A definitive answer to whether or not you should see Ocean’s 8.

Video via Ocean's 8

When we slot women into roles created for men, we place a near impossible task into their hands, wrapped in a pretty pink bow.

Make this movie enjoyable for women, we say, when it was always written with a male audience in mind.

That’s the parcel movie executives handed the Ocean’s 8 cast when they signed up for a spin-off of Steven Soderbergh’s beloved Ocean’s trilogy, the male-led heist series that collectively pickpocketed over one billion dollars from fans between 2001 and 2007.

Only this time, 11 years on from Ocean’s 13, a freshly out of prison Debbie Ocean (played by Sandra Bullock) and her former accomplice Lou (Cate Blanchett) assemble a team of thieves to sink their teeth into something more sugary and glittery than the men’s greasy casinos; New York City’s MET Gala.

Their mission sees the likes of disgraced designer Rose Weil (Helena Bonham Carter), jewellery maker Amita (Mindy Kaling), suburban mum Tammy (Sarah Paulson), pickpocket Constance (Nora Lum Ying), technical genius Nine Ball (Rihanna), and malleable actress and Met Gala co-host Daphne Kluger (Anne Hathaway) collude to steal a $150 million Cartier necklace.

To exact revenge on Ocean’s ex-boyfriend in the process is something of a vindictive side hustle to the main heist.

The star-studded cast of Ocean's 8.

While critical responses to the spin-off have been tepid - a number of male reviewers have expressed their dismay at this "middling" revival - Ocean's 8 delivers on what its audience wants it to be upon walking into the cinema armed with popcorn and choc-tops; a delicious, slick take on something utterly ridiculous.

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Is the plot a little cookie-cutter? Perhaps.

Its twists and turns were largely predictable, thus rendering Ocean's 8 a movie that will not rack up awards and accolades. But was it thoroughly, endearingly entertaining for the masses, as you would expect from a heist movie?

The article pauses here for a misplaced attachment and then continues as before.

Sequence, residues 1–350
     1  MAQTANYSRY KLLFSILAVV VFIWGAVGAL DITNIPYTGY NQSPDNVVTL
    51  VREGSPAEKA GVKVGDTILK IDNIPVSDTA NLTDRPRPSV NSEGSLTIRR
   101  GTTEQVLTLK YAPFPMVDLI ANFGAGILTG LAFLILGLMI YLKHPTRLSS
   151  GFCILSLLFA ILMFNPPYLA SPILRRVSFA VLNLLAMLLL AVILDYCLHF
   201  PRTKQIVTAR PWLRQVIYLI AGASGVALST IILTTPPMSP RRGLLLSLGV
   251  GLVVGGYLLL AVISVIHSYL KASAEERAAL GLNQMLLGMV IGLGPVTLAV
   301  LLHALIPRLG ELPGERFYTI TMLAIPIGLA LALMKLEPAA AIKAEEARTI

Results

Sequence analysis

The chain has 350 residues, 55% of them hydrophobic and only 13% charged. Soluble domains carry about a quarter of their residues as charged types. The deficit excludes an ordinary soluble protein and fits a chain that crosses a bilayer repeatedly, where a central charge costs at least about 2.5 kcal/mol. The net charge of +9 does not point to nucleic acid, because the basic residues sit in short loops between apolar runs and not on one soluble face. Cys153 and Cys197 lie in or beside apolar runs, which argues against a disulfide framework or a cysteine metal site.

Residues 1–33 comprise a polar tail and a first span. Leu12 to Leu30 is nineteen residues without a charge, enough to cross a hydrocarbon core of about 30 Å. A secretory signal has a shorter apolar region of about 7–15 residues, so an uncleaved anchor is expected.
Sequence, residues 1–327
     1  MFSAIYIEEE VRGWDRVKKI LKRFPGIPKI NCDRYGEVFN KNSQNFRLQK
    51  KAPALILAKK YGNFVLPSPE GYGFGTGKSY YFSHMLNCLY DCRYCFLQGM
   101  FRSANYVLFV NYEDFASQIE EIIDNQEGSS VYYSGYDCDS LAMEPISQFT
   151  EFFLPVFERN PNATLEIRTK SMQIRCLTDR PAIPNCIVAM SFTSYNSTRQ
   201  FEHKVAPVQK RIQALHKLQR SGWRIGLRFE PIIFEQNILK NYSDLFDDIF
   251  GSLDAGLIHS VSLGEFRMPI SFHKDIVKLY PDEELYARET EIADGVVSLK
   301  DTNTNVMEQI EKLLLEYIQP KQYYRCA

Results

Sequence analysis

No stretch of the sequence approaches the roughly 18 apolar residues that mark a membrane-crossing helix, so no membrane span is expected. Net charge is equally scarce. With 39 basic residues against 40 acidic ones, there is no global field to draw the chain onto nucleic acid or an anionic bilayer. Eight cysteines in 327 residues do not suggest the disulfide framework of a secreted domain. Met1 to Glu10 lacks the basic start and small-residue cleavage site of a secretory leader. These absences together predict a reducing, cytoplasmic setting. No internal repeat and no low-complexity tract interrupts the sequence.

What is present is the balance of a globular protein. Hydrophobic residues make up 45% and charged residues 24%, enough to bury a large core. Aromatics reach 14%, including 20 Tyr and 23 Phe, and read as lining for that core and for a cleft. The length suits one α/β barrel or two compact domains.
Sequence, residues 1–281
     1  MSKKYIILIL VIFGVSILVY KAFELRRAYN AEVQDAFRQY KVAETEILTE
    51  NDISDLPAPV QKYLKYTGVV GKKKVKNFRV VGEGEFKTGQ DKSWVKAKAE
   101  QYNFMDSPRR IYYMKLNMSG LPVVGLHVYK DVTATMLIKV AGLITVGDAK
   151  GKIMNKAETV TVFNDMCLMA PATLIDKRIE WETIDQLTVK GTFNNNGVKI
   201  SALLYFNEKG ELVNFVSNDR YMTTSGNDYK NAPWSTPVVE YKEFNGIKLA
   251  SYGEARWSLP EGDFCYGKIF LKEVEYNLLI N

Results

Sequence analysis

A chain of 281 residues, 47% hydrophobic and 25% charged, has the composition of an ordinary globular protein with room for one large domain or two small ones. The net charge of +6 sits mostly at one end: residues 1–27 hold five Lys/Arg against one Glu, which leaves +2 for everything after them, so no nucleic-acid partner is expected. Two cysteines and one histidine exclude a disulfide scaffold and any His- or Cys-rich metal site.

God, yes.

As others will tell you, Bullock's performance was particularly noteworthy. The actress was powerful and enigmatic as the movie's protagonist, and her performance over the 110 minutes will make you hop into your Holden Barina and almost convince yourself it's a G-wagon (sorry, it's still a Barina). The actress' ability to command a room with her steely stare alone is something to behold.

Bullock's presence aside, if you're looking for a piece of timeless art I suggest you take another scan at the local theatre's sessions list. If you're looking for an excuse to catch up with girlfriends and drink your body's weight in soft drink, this is it.

Blanchett's iconic outfits were another hit for the film.

While critiques of the cast's not-quite-there cohesiveness are valid, perhaps what some professional reviewers forget is that the average person doesn't always want complicated, award-worthy plot development. That stuff is lovely, if not a little draining.

Sometimes, life is mundane and we want to sit in a cinema and let the leather biker jackets, sassy one-liners and surprise celebrity cameos wash over us. This is a movie about stealing a bunch of diamonds out from underneath Anna Wintour's nose, after all. Multiple Kardashian-Jenners saunter through it. A very tanned Katie Holmes is there. James Corden is an insurance detective. I swear I saw Heidi Klum at one point.

I'll just say it: As an average person who desperately wants a break from the minutiae of being ordinary, the producers' priorities were clearly (absolutely) in the right place.

Yes, you will see a rather cliched scene where a woman cries into a tub of Nutella. Yes, this should have been chopped like Blanchett's delightful new blunt bob. But I'd argue most knowingly bought their $22 tickets looking for the glamour and giggles, not cinematic perfection.

Considering the female-led remake toppled every male-led Ocean's film at the box office in its first week, it's pretty clear: this movie is a success, even if the 'experts' don't see it that way.

For more from Michelle Andrews, follow her on Instagram.

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